Give a wide berth

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Literally, give a wide berth is a phrase that dates back to the seventeenth century meaning to allow a large space between ships to enable optimum safety and maneuverability. Today, there is also a figurative meaning to the phrase give a wide berth, meaning to steer clear of someone or something, to keep your distance from someone or something, to avoid someone or something. The first use of the phrase give a wide berth in the figurative sense was by Sir Walter Scott in 1829. Related phrases are gives a wide berth, gave a wide berth, giving a wide berth.


Based on analysis of accident claims figures for 2015, the insurer 1st Central has concluded that the drivers the rest of us would be best advised to give a wide berth to fit none of the stereotypes and are typically middle class, middle aged, professional and – in all likelihood – male. (The Telegraph)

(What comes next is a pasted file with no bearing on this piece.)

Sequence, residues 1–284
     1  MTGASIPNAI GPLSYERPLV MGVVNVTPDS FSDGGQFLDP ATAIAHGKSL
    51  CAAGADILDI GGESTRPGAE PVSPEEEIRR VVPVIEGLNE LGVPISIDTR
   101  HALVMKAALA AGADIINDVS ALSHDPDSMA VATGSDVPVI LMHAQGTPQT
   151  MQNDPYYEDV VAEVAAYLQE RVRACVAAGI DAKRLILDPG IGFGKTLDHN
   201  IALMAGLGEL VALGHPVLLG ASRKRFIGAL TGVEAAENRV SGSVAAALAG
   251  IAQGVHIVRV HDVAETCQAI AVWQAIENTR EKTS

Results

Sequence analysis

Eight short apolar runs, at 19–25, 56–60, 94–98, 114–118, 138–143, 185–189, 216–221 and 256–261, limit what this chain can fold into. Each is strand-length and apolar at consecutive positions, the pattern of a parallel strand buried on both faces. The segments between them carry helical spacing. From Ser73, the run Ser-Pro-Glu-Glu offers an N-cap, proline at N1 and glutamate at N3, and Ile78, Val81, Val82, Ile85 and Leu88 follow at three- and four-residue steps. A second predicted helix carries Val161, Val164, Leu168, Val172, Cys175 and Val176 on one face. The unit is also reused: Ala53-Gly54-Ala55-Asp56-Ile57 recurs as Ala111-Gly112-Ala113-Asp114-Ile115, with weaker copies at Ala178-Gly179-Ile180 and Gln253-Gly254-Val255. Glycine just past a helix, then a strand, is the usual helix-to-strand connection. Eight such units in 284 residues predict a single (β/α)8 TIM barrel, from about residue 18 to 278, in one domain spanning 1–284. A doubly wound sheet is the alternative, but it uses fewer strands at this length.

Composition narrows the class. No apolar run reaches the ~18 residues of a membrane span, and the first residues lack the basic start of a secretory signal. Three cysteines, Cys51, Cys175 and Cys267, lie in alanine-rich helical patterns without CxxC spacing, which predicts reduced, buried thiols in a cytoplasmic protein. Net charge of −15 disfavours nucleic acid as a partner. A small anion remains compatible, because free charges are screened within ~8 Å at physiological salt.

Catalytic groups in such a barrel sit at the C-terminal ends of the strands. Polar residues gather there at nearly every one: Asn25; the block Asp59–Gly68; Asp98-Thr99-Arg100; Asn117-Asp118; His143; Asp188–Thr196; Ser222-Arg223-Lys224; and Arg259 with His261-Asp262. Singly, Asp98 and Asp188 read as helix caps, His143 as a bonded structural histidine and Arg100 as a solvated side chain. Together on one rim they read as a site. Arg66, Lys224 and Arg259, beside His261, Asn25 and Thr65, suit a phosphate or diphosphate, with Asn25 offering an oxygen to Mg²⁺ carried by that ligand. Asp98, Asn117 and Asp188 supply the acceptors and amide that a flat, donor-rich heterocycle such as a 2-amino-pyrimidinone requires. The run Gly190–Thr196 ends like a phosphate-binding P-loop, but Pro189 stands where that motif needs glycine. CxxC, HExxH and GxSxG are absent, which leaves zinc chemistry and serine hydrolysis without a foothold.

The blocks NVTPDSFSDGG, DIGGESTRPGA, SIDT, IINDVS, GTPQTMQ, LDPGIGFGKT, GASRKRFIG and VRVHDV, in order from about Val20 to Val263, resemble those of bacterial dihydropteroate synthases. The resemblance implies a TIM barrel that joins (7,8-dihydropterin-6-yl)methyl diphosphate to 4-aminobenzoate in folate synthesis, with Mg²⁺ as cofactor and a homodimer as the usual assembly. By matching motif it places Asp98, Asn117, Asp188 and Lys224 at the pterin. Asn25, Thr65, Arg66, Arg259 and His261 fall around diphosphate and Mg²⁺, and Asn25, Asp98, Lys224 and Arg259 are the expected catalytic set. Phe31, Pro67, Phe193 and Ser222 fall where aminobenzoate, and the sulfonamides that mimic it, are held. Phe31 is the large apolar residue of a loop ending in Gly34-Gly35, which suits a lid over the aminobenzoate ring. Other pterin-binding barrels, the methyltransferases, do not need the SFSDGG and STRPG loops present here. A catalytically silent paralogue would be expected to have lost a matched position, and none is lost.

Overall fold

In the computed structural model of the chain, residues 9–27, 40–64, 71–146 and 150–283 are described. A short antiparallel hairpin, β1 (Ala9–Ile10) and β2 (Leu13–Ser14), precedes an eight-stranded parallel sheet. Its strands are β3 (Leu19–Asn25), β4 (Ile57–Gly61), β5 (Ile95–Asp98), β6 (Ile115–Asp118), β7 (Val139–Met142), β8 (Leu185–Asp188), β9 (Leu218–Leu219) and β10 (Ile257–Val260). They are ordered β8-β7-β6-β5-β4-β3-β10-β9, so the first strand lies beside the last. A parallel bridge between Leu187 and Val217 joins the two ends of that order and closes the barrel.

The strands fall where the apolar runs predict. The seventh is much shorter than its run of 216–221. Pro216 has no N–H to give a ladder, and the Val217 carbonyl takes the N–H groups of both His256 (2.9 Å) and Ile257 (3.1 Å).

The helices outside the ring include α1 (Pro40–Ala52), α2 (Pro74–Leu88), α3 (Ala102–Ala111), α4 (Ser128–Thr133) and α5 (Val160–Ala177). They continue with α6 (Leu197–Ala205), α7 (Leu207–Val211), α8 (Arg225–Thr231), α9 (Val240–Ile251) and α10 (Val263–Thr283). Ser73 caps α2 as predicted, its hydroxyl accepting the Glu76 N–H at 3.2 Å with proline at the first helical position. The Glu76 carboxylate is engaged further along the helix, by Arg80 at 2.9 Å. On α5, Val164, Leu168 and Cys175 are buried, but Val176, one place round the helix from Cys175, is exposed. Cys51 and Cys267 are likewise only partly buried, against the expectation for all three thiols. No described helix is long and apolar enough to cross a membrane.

“Motorists really do need to slow down when they are near horses and give a wide berth when overtaking. (The Leicester Mercury)

Since most of the island’s Jewish sites are near Kingston, the strategy of developing the city as a Jewish heritage cultural destination fit the government’s desire to boost tourism in the scruffy, crime- and ganja-ridden capital which most vacationers give a wide berth. (The Jerusalem Post)

Simply give a wide berth to any snakes and enjoy them from a distance, is the park’s advice. (The Akron Beacon Journal)

Once a corner of Kuala Lumpur that taxi drivers gave a wide berth to, it’s since evolved into one of the city’s most desirable and discerning districts. (The Evening Standard)

Police in Baltimore this week gave a wide berth to demonstrators, avoiding the paramilitary tactics used in Ferguson, Missouri, where protests turned violent. (The Grand Forks Herald)